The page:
Almost 12% of women have dropped out of their tech role to better fulfil care commitments, according to research by the Tech Talent Charter (TTC), with almost 40% of women saying whether or not they plan to stay in their role depends on their current care responsibilities.
Research by the membership organisation also found a lack of work-life balance was the top reason women chose to leave their tech roles, while women in tech who are able to work more flexibly have higher retention rates.
Karen Blake, Tech Talent Charter’s chief operating officer, said: “It’s really troubling to learn about the high number of women in tech who are feeling unhappy in their jobs. It’s especially discouraging to see that so many talented female technologists are considering leaving their positions or not staying for very long.”
Women being disproportionately responsible for caring roles was apparent even before the pandemic, but the work-from-home mandate highlighted how heavily affected women’s working lives were as they were hit with increased care responsibilities.
While only 11.4% of women who took part in TTC’s research outright claimed to be leaving their tech roles as a result of their care responsibilities, the research also found career development, or lack thereof, was the reason four out of five women chose to leave their tech role, with needing more pay also a big factor for women considering a change of role.
It’s well known the gender pay gap in tech exists in part because there are fewer women in higher up positions, in many cases because the age at which the average woman has children pauses their career progression – and with the cost of living likely inflating the cost of childcare, it’s no surprise women are seeking roles more suited to their situation.
Confidence is still a factor for a number of women in the sector, with many women leaving their roles because they found some of the more technical aspects of the role too difficult or because they thought the role was boring.
This isn’t because women are less skilled than men – in many cases women have actually gone above and beyond to gain technology skills – as pointed out by the Tech Talent Charter, this is more likely to be down to women feeling they aren’t performing well enough.
Encouraging women to join the sector comes with its challenges, and it’s not uncommon for young women to avoid technology for this very reason – they feel like it will be too hard or that the industry is not for people like them.
Once women make it to the sector, keeping them is another thing altogether – More than half of women asked had left their current tech role to move into another, but 36% who have left or are planning to leave their jobs won’t be going on to another tech role.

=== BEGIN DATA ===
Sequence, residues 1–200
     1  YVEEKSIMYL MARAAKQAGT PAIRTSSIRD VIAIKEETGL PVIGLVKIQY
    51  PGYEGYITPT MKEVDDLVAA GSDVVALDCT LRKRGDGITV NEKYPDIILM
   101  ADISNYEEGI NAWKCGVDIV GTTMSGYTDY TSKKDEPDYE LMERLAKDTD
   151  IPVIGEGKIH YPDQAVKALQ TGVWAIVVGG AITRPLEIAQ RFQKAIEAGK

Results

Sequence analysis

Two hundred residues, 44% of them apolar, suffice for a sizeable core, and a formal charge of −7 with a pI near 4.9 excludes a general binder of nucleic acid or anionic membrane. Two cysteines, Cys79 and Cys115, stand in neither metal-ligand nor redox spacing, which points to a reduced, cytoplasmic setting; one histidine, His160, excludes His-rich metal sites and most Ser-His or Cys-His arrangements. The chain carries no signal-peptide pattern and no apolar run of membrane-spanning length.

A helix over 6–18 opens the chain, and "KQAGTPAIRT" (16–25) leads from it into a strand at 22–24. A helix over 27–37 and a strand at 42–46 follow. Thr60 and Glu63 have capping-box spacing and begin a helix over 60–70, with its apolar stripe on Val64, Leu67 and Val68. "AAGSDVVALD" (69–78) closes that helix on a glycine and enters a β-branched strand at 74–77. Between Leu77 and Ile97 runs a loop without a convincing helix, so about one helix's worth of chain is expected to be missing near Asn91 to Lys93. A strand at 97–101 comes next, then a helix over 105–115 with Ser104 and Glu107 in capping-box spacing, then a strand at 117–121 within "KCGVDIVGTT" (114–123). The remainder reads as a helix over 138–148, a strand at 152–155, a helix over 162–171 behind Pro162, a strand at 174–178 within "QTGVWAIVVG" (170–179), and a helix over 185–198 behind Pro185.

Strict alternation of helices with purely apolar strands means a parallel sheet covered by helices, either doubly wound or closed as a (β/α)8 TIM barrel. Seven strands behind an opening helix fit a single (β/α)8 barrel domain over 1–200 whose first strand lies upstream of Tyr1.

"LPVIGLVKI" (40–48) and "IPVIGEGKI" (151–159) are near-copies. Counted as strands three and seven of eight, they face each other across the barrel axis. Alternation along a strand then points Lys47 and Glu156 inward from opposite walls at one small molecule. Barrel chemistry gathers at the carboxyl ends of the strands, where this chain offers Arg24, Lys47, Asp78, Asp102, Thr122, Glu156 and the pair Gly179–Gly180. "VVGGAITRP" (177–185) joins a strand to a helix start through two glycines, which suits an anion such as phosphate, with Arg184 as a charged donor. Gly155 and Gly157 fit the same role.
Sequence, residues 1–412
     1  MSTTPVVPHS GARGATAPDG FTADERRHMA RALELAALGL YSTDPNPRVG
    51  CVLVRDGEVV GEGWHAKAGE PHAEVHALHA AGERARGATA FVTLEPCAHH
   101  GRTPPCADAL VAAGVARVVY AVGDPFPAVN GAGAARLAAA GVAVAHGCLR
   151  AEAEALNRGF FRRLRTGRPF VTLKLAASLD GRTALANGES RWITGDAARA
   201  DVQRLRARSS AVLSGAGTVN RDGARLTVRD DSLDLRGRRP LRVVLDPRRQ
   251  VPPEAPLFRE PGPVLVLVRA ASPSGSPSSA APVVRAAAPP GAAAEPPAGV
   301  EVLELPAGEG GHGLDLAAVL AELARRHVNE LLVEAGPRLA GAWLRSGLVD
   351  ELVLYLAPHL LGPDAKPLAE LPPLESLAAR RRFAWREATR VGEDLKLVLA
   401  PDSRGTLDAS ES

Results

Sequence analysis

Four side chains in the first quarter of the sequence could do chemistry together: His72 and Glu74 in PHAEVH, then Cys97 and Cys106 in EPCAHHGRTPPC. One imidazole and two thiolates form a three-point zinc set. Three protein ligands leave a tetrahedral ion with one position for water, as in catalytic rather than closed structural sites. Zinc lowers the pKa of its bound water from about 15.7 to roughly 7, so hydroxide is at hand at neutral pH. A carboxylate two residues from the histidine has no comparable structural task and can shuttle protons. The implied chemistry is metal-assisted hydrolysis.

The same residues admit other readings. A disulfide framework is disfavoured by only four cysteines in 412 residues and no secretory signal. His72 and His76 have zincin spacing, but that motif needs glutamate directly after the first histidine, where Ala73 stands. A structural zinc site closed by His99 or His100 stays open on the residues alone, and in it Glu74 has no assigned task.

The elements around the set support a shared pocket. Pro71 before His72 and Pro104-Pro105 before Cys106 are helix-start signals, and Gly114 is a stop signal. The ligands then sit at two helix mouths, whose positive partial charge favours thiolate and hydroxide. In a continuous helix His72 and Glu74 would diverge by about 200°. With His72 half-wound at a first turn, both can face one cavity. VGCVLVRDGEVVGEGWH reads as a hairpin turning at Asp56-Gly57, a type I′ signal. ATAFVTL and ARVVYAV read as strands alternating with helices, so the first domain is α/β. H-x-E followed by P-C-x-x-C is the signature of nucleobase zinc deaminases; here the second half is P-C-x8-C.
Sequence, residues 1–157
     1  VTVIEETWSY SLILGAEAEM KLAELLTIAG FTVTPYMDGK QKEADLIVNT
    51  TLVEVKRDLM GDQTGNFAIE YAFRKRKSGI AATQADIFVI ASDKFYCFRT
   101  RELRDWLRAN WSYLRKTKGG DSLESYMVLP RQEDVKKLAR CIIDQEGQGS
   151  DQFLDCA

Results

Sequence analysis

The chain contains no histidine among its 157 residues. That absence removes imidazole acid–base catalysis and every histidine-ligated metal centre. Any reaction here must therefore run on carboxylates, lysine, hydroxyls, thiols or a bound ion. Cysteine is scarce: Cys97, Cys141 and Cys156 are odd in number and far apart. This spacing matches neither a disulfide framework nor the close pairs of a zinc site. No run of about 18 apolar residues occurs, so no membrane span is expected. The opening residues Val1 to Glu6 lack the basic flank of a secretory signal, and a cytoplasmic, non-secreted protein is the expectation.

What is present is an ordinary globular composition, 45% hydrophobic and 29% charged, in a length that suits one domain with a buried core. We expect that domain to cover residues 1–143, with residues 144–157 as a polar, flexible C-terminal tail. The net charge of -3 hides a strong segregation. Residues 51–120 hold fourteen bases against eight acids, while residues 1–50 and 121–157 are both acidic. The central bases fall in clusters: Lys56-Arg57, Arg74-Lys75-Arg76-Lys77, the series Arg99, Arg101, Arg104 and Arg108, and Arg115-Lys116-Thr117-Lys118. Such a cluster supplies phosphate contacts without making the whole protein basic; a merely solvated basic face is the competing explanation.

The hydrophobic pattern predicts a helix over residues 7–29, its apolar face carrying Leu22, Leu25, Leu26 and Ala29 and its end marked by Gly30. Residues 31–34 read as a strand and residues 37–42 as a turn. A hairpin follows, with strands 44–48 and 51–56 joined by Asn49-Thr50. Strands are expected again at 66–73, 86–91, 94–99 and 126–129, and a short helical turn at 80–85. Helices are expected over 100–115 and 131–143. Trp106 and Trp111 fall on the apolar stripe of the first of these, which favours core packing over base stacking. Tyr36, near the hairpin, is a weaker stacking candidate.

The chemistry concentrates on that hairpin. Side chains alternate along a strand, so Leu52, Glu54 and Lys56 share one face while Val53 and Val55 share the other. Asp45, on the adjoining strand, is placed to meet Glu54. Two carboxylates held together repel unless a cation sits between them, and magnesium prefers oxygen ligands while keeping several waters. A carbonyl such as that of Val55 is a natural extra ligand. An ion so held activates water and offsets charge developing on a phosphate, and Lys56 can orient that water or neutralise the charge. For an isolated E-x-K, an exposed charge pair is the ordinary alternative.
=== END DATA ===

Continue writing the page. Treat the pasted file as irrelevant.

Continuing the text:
A third of women are planning on leaving their current role, and only one in six women who have been in their technology role for more than a year are planning to stay. A quarter of women who have left a tech role in the past few years haven’t gone into another tech role.
Retention of diverse talent is an ongoing issue for the sector, and these women claim to be unhappy in their roles because they are not properly supporting their care responsibilities or their need for work/life balance, with many calling for more flexibility without the risk of this flexibility affecting their possible pay increases and career progression.
But this isn’t just about being a parent, with work/life balance, salary and career progression also ranking in the top three reasons why women without children are choosing to leave tech roles. When people are dropping out of the sector altogether, it could point to a more fundamental issue with the culture of the sector itself.
Until recently, the technology sector has been associated with the “hustle culture” seen in Silicon Valley and some startups, which is not conducive of a diverse and inclusive workplace, but this is starting to change, and instead a more equitable and inclusive culture must take the forefront if diversity is to be achieved.
Blake said: “I firmly believe that we need to take decisive action to cultivate a more varied and inclusive workforce, so that women have equal prospects to thrive and advance in their careers. This study provides us with valuable insights that we can use to focus our efforts on creating a more inclusive workplace culture, implementing effective policies, and providing impactful training. By doing so, we can help to build a more robust industry that benefits everyone.”
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